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The 'R' Word Is Far From Dead

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"The most dangerous thing is illusion," Robert Louis Stevenson wrote.

Take the state of the economy, in particular the widely held view that the recession is kaput. That could also be one of those illusions, some economic trackers suggest.

Like a lot of folks--maybe you're one of them--I thought the economic anguish of recent years was over and done with, given a string of 10 consecutive monthly gains in the leading economic indicators, a knockout of a fourth-quarter GDP increase (a recently upward revised 5.9%) and Ben Bernanke's reaffirmation the other day to maintain low interest rates for an extended period.

But like Dorothy discovered in the Wizard of Oz in her quest to get back to Kansas in a hurry to see Aunty Em, what seems obvious and easily achievable is often not as obvious and easily achievable as it's supposedly cracked up to be.

Over the past month or so, talk of a double-dip recession has all but disappeared. But I've come across a trio of sharp economists who argue it's too soon to come to such a happy conclusion. Each, in fact, holds the view one could be looming on the horizon.

One of them is outspoken Peter Morici, the professor of economics at the Robert H. Smith School of Business at the University of Maryland. "Not only is the economy not out of the woods yet, but there's a one in three chance that we could see a double dip," he tells me. Some of his key reasons:

--The growing trade deficit (up 10.4% in December to $40.2 billion), which is sapping off demand for U.S. goods and a problem which the President shows no interest in fixing.

--Plummeting home sales (Existing home sales fell 7.2% last month, while existing home sales tumbled 11.2% to a record low).

--The Federal Reserve's shoddy handling of the banking crisis, namely its decision to bail out the big New York banks, while ignoring the 8,000 regional banks.

--Weekly jobless benefit claims remain above 450,000 when 350,000 is healthy.

If indeed a double dip occurs, Morici says, "we could see 15% unemployment (it's currently 9.7%) and the stock market will surely tank."

Currently, he sees first-quarter GDP rising 3%, which he views as slow growth when we're supposedly coming out of a recession.

This past week, TrimTabs Research, a West Coast liquidity tracker partly owned by Goldman Sachs and a persistent economic bear, switched to the bullish camp after concluding the economy had bottomed in January. Why such a switch? Because, explains TrimTabs' economics skipper, Madeline Schnapp, of modest year to year growth in income tax withholdings (meaning increased wages and salaries), rising employment demand and growing purchases by companies of their own shares. This buying indicates Corporate America sees better times ahead both for the economy and the stock market.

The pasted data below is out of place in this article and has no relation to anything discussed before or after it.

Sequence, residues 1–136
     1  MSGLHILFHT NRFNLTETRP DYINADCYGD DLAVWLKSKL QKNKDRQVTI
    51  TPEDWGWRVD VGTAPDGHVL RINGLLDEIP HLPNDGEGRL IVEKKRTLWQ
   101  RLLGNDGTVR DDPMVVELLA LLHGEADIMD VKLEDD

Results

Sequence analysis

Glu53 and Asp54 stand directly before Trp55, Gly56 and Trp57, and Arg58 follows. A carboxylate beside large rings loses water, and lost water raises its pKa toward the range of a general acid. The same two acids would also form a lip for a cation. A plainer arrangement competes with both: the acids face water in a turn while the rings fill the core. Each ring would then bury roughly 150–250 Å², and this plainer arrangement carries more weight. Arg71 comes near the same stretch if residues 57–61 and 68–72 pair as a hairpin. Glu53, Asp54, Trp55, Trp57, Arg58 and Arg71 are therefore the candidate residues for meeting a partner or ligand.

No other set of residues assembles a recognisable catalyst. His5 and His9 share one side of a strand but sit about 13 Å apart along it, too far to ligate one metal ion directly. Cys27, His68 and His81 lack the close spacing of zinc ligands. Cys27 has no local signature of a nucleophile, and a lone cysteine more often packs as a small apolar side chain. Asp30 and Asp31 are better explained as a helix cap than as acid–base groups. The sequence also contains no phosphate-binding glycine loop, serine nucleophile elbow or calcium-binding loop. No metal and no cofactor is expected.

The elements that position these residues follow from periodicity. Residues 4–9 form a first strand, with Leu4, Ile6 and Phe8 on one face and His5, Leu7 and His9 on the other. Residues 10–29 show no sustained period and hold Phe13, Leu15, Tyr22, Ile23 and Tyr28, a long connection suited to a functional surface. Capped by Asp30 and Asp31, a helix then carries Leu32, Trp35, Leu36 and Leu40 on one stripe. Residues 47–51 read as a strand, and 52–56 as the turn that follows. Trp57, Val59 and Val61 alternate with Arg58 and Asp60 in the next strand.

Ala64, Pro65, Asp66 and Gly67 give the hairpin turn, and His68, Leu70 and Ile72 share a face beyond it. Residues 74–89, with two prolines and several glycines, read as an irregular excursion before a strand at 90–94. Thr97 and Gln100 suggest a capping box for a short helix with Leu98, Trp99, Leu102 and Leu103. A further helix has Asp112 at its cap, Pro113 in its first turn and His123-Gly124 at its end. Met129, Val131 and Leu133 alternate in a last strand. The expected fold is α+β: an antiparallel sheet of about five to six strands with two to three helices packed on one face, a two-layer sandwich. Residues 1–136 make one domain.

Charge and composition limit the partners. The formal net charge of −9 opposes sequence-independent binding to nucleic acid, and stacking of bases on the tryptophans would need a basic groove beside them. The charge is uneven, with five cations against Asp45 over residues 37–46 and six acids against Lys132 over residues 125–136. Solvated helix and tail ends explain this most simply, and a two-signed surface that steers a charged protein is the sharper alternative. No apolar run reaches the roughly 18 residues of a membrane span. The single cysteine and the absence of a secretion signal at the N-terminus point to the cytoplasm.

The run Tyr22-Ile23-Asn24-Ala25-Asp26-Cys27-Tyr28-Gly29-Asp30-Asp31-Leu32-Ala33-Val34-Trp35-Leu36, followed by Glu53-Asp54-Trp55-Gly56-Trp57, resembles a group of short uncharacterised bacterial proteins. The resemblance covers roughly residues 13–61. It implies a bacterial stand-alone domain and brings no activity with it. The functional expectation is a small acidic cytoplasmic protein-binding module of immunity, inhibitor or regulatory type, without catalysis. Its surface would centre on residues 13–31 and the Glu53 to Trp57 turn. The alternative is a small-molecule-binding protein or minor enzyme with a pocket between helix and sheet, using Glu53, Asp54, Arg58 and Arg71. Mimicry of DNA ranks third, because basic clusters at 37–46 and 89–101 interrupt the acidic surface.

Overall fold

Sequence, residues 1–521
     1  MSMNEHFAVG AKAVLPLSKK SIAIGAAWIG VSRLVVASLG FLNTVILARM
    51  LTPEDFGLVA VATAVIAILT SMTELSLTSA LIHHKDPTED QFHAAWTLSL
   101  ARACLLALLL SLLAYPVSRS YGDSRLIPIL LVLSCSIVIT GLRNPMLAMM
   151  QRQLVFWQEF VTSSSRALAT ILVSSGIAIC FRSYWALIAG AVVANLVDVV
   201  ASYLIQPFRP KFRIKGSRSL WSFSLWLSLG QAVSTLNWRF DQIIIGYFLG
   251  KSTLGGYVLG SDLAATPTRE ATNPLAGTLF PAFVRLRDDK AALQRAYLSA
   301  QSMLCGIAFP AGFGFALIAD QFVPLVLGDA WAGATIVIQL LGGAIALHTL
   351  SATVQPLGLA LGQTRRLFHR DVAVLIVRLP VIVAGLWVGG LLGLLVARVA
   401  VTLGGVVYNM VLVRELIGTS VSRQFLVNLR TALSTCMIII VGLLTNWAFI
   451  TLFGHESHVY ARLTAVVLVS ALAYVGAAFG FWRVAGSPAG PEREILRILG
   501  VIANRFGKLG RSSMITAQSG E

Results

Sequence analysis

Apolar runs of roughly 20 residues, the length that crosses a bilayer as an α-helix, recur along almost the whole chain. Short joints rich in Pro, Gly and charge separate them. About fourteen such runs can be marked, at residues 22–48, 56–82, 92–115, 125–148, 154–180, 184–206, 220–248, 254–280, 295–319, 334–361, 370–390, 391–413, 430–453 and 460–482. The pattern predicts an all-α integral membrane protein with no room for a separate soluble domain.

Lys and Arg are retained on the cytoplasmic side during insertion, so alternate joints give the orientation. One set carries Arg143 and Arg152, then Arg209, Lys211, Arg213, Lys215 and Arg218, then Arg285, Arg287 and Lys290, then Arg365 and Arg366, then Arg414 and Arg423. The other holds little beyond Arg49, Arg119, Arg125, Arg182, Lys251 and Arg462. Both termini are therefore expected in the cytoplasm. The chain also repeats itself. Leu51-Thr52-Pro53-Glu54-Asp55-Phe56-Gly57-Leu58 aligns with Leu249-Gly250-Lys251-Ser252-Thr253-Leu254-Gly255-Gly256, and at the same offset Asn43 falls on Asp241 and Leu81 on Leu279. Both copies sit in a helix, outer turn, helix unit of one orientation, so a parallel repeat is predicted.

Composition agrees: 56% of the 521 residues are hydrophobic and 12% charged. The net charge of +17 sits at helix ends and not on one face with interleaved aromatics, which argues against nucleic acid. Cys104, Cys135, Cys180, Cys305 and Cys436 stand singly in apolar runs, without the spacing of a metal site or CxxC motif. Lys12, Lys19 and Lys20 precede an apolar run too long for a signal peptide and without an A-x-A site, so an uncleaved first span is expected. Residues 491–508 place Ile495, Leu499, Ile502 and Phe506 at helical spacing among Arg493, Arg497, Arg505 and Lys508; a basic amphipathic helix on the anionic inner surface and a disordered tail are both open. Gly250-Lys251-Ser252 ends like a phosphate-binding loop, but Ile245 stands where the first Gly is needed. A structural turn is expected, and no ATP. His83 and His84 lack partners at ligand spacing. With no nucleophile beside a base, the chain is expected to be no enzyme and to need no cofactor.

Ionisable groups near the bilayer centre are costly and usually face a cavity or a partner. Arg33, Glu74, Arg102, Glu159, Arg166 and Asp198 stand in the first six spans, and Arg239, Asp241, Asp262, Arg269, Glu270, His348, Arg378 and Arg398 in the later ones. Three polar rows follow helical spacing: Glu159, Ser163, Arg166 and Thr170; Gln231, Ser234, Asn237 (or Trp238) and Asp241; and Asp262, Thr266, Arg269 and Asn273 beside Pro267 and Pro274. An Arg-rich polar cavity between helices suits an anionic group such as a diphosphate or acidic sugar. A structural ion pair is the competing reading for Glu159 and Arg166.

Sounds good, except a chat with Schnapp finds she's hardly sold on the idea that we're home free of the "R" word. In fact, she views a double dip recession as a "real possibility" and thinks we have a 50-50 chance of heading in that direction.

Schnapp's biggest worry centers on a number of huge lurking headwinds, which could turn into hurricanes and derail the economic recovery. These are continuing credit losses from near-record mortgage delinquencies, rising delinquencies in commercial real estate, spiraling bank failures from credit losses and the possibility of higher interest rates if Treasury auctions fail to attract sufficient low-yield buyers.

A possible blow-up of the sovereign debt crisis is another concern, notably the high deficits of Greece, Spain and Portugal, a reflection of their off balance sheet commitments, such as currency swaps.

Taking note, too, of our staggering debt load, a reference to the ballooning budget deficit, pegged at $1.4 trillion in fiscal 2010. Schnapp observes the U.S. has massive financial commitments. In brief, it has to sell $1.8 trillion of Treasuries within a year and borrow a total of $2.5-$3 trillion to finance the deficit and repay short-term debt. But that's an open question, she says, pointing to the December sales of Treasuries by Russia and China, which reduced their holdings by $44 billion.

Our economic recovery is dependent on stable interest rates, notes Schnapp, and if demand for Treasuries decline, interest rates would go up. And that, she says, would destroy our economic recovery.

Our remaining economist who envisions a possible double-dip recession is JC Spender, professor of economics at the Open University School of Business in Milton Keynes, U.K. There's at least a one in three possibility, he believes. "Just look at the news," he tells me. "It's not good on the jobs front. It's not good in housing. It's not good in consumer confidence. And it's not good from Greece."

Spender also took pot shots at Wall Street, observing "it's telling us it's avoiding the fate of Main Street and the unemployed in Europe, that it has won the battle against Obama and it's business as usual, even though it has done tremendous damage to the American people. Wall Street," he went on to say, "has exposed us to a substantially diminished view of America to the world and should return to the banking it did 20 years ago when it was boring and it provided a good underpinning to the economy."

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